I’ve noticed that when people are introducing themselves, talking about their business or their project, the not speaking up often gets worse. When you don’t speak loudly enough to be heard, it seems apologetic and diminishes your credibility.
Take a moment to value the ideas and you will find it much easier to see the idea as the center of attention rather than mistakenly focusing on yourself as the center of attention.

http://www.GettingOverYourself.com for more tips

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“Drop it. And forgive yourself.” Lindsey Jacobellis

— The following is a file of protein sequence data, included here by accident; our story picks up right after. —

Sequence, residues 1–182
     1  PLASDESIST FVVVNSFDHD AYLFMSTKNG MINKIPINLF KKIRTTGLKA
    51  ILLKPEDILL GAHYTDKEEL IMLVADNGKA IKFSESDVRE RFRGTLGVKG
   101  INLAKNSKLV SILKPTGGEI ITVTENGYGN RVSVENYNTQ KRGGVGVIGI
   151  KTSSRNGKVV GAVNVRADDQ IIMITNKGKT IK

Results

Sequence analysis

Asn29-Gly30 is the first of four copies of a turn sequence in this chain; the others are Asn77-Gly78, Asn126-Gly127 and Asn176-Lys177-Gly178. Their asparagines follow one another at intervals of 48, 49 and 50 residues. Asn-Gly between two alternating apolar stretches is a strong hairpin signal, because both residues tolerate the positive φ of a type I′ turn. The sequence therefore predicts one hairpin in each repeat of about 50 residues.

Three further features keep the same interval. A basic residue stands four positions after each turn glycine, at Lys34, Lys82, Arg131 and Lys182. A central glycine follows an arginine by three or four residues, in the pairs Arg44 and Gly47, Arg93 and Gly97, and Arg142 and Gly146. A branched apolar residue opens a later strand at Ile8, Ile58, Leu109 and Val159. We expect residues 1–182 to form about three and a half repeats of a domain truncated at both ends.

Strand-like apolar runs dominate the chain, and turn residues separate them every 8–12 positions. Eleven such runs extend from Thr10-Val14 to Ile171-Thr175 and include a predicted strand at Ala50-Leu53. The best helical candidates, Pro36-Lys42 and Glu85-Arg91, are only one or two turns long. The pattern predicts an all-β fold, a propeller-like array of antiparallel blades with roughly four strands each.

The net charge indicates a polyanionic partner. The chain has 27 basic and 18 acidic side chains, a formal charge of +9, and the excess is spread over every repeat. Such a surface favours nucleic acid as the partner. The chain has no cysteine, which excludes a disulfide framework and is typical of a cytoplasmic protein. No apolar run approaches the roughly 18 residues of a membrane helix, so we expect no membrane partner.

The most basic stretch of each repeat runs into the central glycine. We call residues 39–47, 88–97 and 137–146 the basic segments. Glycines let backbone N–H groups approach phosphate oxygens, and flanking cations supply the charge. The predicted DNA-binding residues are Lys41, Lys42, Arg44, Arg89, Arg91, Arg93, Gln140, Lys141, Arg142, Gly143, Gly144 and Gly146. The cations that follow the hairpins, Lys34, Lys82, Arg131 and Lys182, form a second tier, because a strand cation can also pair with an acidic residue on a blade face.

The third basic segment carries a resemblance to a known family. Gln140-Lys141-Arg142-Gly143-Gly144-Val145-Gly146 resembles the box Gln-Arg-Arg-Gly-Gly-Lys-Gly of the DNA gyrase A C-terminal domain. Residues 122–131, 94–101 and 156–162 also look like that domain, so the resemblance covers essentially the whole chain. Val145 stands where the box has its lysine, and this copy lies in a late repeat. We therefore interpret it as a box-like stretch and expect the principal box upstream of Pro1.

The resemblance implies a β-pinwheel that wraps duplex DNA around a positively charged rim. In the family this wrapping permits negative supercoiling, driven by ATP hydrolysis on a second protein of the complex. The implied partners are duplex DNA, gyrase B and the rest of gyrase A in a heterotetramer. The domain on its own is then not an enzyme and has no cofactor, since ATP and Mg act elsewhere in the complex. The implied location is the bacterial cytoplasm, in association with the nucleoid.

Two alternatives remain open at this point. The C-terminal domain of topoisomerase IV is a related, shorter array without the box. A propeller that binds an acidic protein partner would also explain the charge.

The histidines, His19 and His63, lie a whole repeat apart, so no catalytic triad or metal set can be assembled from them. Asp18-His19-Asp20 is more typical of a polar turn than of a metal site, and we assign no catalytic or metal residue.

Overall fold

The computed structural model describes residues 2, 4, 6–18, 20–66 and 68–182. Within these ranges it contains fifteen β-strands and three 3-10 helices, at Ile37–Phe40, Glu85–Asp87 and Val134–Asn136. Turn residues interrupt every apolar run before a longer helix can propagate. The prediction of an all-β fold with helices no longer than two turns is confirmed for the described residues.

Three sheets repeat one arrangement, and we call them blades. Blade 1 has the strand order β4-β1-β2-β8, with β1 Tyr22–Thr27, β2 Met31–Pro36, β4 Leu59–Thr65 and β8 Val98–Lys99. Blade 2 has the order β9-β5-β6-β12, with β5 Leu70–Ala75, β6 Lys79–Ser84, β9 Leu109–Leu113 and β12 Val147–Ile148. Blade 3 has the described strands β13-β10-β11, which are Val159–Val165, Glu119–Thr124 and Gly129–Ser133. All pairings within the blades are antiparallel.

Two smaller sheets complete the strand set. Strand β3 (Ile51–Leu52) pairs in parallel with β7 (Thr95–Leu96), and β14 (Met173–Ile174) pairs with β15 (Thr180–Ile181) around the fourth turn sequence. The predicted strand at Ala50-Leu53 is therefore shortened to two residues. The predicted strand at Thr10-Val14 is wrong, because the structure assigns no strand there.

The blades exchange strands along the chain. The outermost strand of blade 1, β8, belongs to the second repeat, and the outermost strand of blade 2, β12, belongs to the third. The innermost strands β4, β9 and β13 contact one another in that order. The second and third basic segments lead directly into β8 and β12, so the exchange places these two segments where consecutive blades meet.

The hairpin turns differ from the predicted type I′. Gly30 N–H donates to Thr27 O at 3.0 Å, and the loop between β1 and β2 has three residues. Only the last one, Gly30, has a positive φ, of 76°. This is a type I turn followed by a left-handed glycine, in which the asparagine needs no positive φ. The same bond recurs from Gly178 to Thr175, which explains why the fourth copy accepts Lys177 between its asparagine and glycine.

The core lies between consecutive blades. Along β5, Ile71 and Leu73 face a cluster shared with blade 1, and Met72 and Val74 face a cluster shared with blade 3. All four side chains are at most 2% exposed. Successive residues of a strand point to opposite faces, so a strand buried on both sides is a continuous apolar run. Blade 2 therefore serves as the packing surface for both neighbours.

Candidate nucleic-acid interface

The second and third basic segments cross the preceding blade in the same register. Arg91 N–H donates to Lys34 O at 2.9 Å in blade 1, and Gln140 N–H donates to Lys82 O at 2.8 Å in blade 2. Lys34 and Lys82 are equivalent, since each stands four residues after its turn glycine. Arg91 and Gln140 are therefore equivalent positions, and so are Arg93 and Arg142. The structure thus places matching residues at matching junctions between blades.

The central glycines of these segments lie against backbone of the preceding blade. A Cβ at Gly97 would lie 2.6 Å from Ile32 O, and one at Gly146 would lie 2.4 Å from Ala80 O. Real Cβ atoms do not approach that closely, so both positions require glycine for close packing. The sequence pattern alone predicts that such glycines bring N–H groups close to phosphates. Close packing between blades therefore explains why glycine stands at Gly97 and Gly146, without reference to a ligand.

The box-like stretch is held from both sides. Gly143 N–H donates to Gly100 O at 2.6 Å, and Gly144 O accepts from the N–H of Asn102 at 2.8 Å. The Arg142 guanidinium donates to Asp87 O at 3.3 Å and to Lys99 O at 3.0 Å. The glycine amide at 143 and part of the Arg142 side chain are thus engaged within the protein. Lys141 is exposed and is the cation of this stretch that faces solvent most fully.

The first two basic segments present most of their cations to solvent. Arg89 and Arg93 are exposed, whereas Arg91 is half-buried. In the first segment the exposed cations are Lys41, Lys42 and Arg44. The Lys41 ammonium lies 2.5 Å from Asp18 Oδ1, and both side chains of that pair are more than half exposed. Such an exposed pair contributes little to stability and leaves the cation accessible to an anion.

When something goes wrong in the Olympics it’s a much bigger stage than most of us will ever have. And no matter how much time you have spent preparing for a talk, an Olympian has you beat. So, I’d say if that’s what this Olympic athlete strives for (drop it and forgive yourself), that it would be a good goal for us — whether we’re giving a speech or have just messed up in some other area of life. There’s no fixing it, no moving, when you keep beating yourself up. There is no upside to that.

When you drop it and forgive yourself, you can move forward. Learn what you need to and do better the next time.

http://www.GettingOverYourself.com

August 30, 2017

What to do when people get snarky when you make your point

Filed under: Tips — Barbara Rocha @ 9:47 am
Tags: , , ,